• Were refined, intelligent conversation in the home circle appreciated, club-rooms, secret societies, taverns, and stores, where man’s leisure is generally spent, would be less frequented; for where all are educated, it is a disgrace to be ignorant, and time now wasted, would be spent in improvement.
  • Being placed in a position compelling them to act, has caused many persons to discover talents in themselves they were before unaware of possessing. Great emergencies produce great leaders, seemingly fitted by Providence, while it is but the arousing of some energy, hitherto dormant.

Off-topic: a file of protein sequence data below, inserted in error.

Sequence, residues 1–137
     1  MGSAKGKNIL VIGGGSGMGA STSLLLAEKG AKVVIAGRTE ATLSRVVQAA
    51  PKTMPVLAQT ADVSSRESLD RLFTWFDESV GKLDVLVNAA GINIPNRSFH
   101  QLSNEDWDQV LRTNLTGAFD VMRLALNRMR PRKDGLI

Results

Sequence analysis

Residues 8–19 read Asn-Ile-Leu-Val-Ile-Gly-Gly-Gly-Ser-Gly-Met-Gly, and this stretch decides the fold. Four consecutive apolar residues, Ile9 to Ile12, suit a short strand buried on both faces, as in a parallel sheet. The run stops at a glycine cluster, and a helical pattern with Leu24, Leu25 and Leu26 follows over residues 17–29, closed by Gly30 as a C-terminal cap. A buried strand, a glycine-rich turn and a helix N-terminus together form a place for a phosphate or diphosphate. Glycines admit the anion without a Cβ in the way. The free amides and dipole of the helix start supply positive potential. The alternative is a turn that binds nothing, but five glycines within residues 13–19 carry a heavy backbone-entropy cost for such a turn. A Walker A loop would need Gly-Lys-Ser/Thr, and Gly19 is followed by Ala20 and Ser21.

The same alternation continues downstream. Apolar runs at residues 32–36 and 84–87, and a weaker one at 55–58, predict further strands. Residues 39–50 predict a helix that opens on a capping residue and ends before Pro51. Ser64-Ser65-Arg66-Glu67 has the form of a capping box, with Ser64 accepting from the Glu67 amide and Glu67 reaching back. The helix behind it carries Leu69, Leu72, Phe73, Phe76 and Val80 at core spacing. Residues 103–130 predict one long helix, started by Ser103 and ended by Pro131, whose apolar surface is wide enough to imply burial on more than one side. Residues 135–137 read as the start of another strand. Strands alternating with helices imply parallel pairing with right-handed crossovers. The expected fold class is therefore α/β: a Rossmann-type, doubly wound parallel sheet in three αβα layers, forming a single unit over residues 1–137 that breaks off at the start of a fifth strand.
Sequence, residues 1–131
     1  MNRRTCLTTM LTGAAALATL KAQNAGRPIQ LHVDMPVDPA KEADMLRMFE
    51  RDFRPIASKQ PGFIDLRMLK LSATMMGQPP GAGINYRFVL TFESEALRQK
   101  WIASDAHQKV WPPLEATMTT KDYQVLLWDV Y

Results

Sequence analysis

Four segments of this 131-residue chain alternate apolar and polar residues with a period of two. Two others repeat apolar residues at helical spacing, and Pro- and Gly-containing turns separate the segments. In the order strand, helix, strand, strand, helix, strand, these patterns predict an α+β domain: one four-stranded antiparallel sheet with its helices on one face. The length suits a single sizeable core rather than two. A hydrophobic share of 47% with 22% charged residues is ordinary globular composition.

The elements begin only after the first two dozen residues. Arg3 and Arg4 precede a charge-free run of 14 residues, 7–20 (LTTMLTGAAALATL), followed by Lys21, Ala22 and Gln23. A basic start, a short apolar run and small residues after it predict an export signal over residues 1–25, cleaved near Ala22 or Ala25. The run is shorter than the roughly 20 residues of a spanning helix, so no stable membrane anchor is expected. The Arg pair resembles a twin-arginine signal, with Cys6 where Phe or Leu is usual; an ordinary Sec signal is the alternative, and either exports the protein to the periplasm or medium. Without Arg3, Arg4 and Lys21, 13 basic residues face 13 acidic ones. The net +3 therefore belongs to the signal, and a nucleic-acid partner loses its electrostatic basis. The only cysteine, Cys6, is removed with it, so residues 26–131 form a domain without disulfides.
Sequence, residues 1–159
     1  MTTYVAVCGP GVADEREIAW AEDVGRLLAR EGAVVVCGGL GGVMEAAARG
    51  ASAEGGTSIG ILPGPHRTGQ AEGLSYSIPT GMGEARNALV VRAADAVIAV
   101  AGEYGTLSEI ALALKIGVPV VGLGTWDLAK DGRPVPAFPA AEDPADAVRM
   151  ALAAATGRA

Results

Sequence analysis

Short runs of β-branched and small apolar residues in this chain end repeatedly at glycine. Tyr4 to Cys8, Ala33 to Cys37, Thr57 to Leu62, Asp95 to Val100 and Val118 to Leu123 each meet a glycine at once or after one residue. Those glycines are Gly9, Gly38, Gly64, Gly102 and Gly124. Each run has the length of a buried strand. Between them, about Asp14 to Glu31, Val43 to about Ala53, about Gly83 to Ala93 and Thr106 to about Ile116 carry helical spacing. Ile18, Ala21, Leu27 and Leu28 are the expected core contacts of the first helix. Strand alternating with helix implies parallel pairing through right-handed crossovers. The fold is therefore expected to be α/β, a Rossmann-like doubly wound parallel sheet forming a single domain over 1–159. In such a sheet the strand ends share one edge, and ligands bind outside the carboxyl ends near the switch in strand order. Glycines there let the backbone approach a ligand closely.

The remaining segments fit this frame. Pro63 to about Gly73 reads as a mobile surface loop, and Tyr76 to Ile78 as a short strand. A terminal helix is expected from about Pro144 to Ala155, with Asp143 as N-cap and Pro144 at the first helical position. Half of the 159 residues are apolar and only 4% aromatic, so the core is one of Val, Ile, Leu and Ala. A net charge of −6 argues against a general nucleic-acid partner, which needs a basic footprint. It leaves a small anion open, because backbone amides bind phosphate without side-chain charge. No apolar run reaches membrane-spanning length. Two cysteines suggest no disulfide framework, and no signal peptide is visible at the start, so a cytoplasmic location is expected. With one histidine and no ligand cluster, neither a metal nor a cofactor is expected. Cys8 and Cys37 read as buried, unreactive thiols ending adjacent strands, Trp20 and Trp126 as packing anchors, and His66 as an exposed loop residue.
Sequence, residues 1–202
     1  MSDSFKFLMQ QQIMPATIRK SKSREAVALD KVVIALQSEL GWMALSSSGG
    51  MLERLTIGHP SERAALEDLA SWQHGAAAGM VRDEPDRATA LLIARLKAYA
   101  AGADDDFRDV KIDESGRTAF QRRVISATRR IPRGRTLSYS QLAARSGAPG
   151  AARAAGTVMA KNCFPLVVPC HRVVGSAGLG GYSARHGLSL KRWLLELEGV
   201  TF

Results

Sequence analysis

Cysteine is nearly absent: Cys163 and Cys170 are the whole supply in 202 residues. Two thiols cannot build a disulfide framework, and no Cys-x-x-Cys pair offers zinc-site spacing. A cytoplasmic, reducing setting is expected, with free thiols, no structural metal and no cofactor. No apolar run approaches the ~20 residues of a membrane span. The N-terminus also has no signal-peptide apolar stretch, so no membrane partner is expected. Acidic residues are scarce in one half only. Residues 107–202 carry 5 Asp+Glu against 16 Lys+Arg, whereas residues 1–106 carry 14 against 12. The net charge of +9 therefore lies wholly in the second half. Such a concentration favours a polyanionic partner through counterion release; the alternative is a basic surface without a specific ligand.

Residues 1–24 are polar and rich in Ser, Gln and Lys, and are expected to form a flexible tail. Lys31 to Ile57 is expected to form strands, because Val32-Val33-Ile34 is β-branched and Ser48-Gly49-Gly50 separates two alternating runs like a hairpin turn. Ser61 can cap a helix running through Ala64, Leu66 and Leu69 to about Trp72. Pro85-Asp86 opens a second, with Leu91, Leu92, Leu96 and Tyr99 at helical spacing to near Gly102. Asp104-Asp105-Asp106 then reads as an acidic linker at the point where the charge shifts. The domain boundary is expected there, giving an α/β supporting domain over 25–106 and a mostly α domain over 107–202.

• Those who fear woman’s incapacity to cope with the trials of life, should consider what is now actually thrust upon her by existing customs.
  • In all governments, it would be the dictate of policy, for the governed to submit to what the governors decree, provided they decree nothing inconsistent with their natural rights; but as soon as any government stretches its powers so far as to destroy the natural rights, to which the members of a community are entitled, these last are justified, by all the laws of God and man, in opposing such a government. We claim, as a natural right, the same privilege of acting as we think best, which is accorded to the other half of mankind – right bestowed upon us by God, when he created man in his own image, after his own likeness, both male and female, and gave them equal dominion